Prince Phillip Playing Fields, Leeds. Photograph: Tom Rodgers

Prince Phillip Playing Fields, Leeds. Photograph: Tom Rodgers

The sites that we are reading and writing, walking and talking, are in many senses mundane.  Municipal, spatially limited, socially and geographically contained.  Yet, through their histories as sites of terror, death, and grief, they are also wild places, ambiguously bounded, a self-narrated and problematic sublime.  Our particular sublime, (in the sense of an approachable, digestible, and legible terror), is not an orthodox experience of ‘the vast and overwhelming’, the precipice and the howling wind.

Where We Tread. Photograph Tom Rodgers.

Where We Tread. Photograph Tom Rodgers.

It is found in the small and the fragmented, the forensic layers that are the palimpsest of the whole: grass, graffiti half erased upon a bench, a broken fence, a sodden littered list of faded names.  The parks and playing fields of our cities defy domestication as much as any mountainside, and furthermore deny their externally and paternally authored purpose: the sanitary narrative of dog-walking, picnics, ‘fresh air’ and ball games disrupted by the infectious counter-texts of alcohol, drugs, vandalism, sex, abduction, transgression and death.  These are conflicting, oppositional, but perversely interdependent fictions: the meaning of one a reflective and conditional context of the other.  Historically, a Romantic experience of place explicitly privileges mediation through language.  Inevitably, given my/our preoccupation with the disruptive and the transcendent, this Romanticism is an aspect of our paradigm; an aspect we would be foolish to deny, and which we willingly embrace.  It fuses word and image to make a hieroglyph of the whole, its general systems claiming meta-meanings that are independent of our chosen poetic.  Language is all.  We walk around these places, ambiguously anchored by the physical & psychic ballast of our books.  With maps, and pens, and paper, the word is inescapable.  Even the camera lens has a glossary and grammar of its own; but then the wind may change, or in the corner of our eye a bird fly low between the swings and suddenly, in ways we do not comprehend our lines of our thoughts are gone, and we are lost.  What is then that dizzying moment, when I (we) (they) (he) (she) walk off the edge of language, into a temporality where there are no words, where the text is terrifying in its absence?  Where are we then?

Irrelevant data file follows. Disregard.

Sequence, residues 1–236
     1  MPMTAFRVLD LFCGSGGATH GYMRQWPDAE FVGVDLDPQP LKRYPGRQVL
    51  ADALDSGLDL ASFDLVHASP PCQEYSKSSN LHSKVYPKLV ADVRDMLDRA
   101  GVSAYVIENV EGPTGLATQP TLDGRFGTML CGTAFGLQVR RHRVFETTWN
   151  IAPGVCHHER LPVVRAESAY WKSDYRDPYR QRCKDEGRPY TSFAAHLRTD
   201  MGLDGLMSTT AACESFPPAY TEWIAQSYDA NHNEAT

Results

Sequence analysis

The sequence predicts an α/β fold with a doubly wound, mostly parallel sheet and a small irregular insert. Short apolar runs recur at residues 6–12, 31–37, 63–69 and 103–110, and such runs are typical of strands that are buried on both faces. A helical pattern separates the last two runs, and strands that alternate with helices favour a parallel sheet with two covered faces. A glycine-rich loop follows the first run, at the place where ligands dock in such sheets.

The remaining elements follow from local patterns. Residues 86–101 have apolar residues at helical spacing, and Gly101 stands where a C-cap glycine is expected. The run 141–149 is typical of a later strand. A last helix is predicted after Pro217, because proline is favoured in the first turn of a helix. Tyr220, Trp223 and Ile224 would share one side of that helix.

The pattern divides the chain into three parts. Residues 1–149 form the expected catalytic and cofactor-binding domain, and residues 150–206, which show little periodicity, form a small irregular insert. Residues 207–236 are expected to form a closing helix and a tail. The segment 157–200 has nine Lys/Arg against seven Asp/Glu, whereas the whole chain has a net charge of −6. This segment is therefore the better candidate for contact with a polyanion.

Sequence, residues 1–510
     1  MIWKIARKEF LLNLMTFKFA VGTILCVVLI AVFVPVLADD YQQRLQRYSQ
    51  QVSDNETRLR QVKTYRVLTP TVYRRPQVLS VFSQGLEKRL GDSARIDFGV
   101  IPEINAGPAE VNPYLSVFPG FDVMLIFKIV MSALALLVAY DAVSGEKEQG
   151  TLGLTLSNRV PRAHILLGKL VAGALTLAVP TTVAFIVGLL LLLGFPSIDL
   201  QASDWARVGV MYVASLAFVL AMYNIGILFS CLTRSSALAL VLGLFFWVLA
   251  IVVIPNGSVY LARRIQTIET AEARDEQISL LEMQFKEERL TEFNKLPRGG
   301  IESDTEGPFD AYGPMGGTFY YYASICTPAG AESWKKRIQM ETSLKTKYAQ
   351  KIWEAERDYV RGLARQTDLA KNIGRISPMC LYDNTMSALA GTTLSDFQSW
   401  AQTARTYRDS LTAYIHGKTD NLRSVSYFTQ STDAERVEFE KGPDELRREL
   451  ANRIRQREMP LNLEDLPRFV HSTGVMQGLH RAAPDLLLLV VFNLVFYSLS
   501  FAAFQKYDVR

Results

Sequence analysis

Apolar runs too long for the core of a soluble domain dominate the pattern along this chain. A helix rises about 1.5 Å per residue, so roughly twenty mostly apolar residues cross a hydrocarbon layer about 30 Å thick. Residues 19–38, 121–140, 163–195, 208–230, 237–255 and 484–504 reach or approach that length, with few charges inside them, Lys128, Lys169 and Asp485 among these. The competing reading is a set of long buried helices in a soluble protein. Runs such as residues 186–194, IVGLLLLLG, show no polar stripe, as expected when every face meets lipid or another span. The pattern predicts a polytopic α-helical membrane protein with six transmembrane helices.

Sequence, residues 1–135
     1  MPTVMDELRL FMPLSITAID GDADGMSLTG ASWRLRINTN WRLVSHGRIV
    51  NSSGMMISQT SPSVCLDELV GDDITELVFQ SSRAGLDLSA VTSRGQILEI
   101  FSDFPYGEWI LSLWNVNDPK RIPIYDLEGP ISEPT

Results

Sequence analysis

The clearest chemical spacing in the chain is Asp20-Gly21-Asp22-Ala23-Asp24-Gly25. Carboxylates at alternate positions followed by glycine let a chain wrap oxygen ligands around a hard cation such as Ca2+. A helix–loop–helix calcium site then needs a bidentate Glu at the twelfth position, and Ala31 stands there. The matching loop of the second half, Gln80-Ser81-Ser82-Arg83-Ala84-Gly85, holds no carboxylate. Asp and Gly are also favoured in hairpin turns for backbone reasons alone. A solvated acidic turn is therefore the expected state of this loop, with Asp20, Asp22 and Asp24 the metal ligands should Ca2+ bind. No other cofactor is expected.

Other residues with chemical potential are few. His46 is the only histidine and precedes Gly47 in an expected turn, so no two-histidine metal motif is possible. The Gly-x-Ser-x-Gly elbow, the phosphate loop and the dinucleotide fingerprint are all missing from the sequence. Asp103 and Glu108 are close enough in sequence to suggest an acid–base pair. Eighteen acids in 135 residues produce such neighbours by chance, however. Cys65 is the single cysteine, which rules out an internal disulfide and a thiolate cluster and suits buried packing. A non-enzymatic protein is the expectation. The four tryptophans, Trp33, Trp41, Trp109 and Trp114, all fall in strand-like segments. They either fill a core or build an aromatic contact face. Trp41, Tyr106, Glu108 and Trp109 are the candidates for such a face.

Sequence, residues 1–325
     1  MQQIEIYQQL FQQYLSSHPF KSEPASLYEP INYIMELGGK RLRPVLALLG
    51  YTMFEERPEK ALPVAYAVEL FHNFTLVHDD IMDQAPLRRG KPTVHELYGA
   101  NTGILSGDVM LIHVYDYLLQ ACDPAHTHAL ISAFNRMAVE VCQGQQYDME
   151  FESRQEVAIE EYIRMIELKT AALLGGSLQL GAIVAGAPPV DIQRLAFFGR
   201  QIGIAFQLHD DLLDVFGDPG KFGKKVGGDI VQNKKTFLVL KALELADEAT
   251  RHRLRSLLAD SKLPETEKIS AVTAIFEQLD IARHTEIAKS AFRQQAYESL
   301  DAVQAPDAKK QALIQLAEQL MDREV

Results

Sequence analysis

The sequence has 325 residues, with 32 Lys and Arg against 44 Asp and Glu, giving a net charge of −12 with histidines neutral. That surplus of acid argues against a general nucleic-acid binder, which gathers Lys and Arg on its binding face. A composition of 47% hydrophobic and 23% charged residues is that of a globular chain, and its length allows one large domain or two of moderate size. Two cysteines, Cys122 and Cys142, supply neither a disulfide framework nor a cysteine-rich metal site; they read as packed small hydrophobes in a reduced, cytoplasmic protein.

The word cannot completely contain us, because it itself is never completely contained.  It is in the moment of transgression that ‘the words escape’, where we find the things that ‘hurry away from their names’, and in the places in which we walk even the blades of grass are ringing still with violation.  In the tremolo-theremin of this uncanny echo even the ghosts of language are erased.  These are the momentary textual lacunae into which the comforts of our syntax disappear; and the grace of risk will pour into the vacuum of its disintegration and we can write our words anew.

This text was originally written for our poster publication to accompany the exhibition at The Wild Pansy Project Space, University of Leeds, 2012.